Decades before "You Got the Love" was covered by Florence and The Machine, it was a little known gospel record originally recorded for an 80's dieting video by Candi Staton. [more inside]
posted by empath on Aug 6, 2011 - 26 comments

Fork it Over!

Oracle didn't see this coming. There were some significant concerns when Oracle took stewardship of Sun's open source projects like MySQL and OpenOffice, and these concerns led to contributors to OpenOffice asking Oracle to fork over control of the project. Oracle refused. [more inside]
posted by juiceCake on Apr 18, 2011 - 108 comments

I need help with my garrys mod.

Garry Newman, the creator of the insanely popular Garry's Mod, which is a sandbox game that uses Valve's Source Engine, has come up with an ingenious way to catch people who pirate the game.
posted by SpacemanStix on Apr 12, 2011 - 39 comments

"Be kind, for everyone you meet is fighting a hard battle."

Quote Investigator [more inside]
posted by jtron on Jan 6, 2011 - 25 comments

Crowd Sourced Efficacy Response in Depression Treatments

An interesting graph based on the results of an informal user poll as to the response/efficacy to various treatments for depression. "Fish oil, also popular, showed up as much less effective than [...] expected." [more inside]
posted by gallois on Oct 7, 2010 - 43 comments

Diaspora: An Open Source Facebook

Diaspora: open-source Facebook. [more inside]
posted by WCityMike on May 12, 2010 - 145 comments

Digital Revolution

This is the introduction to The Virtual Revolution, an open source documentary, due for transmission on BBC Two next week, that will take stock of 20 years of change brought about by the World Wide Web. Only about 25% of the world population uses the Web today, however more than 70% of people have access to mobile or fixed communication devices capable of displaying Web content. The World Wide Web Foundation [prev] exists to bridge the 'digital divide' in Internet usage.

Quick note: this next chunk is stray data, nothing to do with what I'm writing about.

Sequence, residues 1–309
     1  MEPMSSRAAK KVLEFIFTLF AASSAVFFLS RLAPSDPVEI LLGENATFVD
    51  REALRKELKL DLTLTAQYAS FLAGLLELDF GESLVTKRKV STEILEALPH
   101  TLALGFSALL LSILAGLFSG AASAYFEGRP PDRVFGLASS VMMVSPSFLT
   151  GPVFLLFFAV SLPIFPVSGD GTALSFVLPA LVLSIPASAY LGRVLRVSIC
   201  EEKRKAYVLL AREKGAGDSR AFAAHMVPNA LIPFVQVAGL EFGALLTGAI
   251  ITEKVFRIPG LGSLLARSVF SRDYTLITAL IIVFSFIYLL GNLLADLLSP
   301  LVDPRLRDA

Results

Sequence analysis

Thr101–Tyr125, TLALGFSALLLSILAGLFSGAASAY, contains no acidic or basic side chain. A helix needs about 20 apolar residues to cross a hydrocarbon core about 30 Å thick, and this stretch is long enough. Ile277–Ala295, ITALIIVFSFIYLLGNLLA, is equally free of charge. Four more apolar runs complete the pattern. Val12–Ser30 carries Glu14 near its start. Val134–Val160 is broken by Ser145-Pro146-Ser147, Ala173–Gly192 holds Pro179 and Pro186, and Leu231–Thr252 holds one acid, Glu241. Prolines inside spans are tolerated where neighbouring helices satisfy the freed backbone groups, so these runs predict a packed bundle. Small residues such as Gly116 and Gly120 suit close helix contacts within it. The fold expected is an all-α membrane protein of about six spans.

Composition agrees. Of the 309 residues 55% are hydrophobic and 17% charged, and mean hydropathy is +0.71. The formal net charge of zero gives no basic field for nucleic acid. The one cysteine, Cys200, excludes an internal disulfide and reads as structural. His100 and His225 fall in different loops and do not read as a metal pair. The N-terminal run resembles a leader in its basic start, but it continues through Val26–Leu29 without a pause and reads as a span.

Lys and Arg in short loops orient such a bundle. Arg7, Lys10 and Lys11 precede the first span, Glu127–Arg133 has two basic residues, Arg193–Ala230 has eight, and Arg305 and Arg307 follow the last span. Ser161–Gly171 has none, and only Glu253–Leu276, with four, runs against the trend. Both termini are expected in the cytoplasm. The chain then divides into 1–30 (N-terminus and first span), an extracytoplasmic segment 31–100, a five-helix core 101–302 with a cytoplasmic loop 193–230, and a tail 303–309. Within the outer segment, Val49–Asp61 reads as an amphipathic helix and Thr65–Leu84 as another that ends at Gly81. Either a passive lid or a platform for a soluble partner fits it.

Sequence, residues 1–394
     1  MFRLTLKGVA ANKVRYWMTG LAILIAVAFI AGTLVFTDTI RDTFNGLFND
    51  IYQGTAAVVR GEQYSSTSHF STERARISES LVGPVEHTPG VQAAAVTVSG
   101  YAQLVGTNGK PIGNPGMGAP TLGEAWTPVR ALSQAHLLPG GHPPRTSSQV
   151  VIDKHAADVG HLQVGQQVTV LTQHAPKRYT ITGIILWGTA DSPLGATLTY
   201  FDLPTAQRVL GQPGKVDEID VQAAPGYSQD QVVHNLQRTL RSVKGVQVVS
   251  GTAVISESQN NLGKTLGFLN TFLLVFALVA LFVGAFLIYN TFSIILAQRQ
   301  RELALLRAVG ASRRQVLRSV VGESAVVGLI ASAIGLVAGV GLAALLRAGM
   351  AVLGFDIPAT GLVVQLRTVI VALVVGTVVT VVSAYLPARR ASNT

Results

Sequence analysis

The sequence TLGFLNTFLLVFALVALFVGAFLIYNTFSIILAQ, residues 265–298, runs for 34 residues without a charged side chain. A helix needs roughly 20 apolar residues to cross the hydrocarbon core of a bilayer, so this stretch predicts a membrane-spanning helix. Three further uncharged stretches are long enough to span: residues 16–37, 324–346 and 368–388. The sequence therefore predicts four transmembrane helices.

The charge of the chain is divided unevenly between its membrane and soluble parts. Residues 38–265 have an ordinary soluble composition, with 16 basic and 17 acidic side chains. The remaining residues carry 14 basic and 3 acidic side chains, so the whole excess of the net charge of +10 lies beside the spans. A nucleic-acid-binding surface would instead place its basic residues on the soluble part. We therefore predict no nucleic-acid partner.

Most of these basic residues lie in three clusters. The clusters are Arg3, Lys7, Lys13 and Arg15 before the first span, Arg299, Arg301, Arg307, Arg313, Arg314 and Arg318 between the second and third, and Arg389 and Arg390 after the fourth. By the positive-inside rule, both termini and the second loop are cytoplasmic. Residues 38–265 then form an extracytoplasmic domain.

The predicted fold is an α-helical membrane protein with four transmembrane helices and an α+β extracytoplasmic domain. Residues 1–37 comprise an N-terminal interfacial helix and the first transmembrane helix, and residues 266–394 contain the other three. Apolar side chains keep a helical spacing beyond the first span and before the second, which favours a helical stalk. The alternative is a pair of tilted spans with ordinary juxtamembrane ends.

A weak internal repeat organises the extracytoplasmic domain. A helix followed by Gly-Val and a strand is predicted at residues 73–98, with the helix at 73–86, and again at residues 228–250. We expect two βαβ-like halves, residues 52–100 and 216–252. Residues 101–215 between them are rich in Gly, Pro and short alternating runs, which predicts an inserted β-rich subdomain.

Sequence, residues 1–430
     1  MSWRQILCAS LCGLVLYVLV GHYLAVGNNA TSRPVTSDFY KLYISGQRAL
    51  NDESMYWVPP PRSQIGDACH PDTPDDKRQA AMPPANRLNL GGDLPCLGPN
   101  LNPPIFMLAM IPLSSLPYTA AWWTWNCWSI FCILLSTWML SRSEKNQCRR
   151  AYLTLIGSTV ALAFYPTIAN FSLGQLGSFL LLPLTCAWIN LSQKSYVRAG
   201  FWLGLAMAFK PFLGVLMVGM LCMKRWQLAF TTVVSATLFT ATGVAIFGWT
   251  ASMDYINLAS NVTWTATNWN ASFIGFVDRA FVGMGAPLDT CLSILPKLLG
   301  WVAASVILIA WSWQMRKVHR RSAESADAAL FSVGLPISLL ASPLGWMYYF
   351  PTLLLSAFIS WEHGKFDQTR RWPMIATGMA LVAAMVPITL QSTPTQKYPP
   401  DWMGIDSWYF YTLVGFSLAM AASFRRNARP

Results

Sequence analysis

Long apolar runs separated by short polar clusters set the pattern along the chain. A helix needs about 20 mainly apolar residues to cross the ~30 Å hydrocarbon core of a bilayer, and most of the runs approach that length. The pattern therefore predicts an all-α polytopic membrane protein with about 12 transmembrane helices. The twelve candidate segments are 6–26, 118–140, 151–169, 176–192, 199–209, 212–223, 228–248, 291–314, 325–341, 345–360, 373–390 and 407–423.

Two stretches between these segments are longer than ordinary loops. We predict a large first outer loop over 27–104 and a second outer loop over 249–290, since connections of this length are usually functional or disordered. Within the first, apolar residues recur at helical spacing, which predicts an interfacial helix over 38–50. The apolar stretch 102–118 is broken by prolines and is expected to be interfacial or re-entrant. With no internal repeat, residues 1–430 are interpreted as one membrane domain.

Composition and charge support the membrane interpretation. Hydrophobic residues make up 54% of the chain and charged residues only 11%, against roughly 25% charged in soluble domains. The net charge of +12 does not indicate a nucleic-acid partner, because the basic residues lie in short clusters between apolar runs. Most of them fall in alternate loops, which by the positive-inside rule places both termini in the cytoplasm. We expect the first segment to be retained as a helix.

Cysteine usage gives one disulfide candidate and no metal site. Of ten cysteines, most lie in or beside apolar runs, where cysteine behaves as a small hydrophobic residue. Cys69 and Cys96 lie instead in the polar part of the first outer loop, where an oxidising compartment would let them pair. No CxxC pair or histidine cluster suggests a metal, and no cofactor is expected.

posted by netbros on Jan 22, 2010 - 7 comments

unbump.

SAGE is a free, open-source computer algebra system. [more inside]
posted by kaibutsu on Oct 30, 2009 - 37 comments

The Ajax Experience

There's lots going on with HTML5. Get the latest from the folks at Ajaxian. First, find out What's New in HTML5 (The WHATWG Blog), then look into the new Microdata Spec. There's a Sticky Notes Tutorial, and an examination of the Canvas Tag. Getting the nitty gritty details right.
posted by netbros on Oct 15, 2009 - 64 comments

people take pictures of each other

Photo Graduates Online - from source magazine - some good stuff (ymmv).
posted by sgt.serenity on Jun 19, 2008 - 4 comments

Everyone is an Expert on Something

H.A.R.O., or "Help A Reporter Out," is the brainchild of Peter Shankman (aka skydiver on Twitter). Embracing the philosophy that "Everyone is an expert on something," HARO matches reporters and authors up with sources through the simple process of a sign-up form. Seems like a good match for all the experts here on MeFi. [more inside]
posted by misha on Jun 18, 2008 - 47 comments

BONUS: The Game is Really Fun to Play!

Iron Grip: The Oppression is a multiplayer total conversion mod for Half Life 2 that blends real time strategy and first person shooter elements along the lines of Natural Selection. One player takes control of “The Oppression,” playing the game primarily in a top down view, building and then issuing orders to AI units such as the stormtrooper-like Grenadiers, and tanks. Every other player on the server forms “The Resistance,” taking on, with a traditional FPS play style, the persona of one of ten freedom fighters and vying with the RTS controlled units for map control. [more inside]